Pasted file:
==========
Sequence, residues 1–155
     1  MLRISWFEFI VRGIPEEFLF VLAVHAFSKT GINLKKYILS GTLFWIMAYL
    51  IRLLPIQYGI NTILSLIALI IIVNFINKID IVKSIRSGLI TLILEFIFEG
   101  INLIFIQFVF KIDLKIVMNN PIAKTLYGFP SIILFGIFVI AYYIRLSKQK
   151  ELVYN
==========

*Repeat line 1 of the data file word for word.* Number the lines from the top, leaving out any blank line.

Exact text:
Sequence, residues 1–155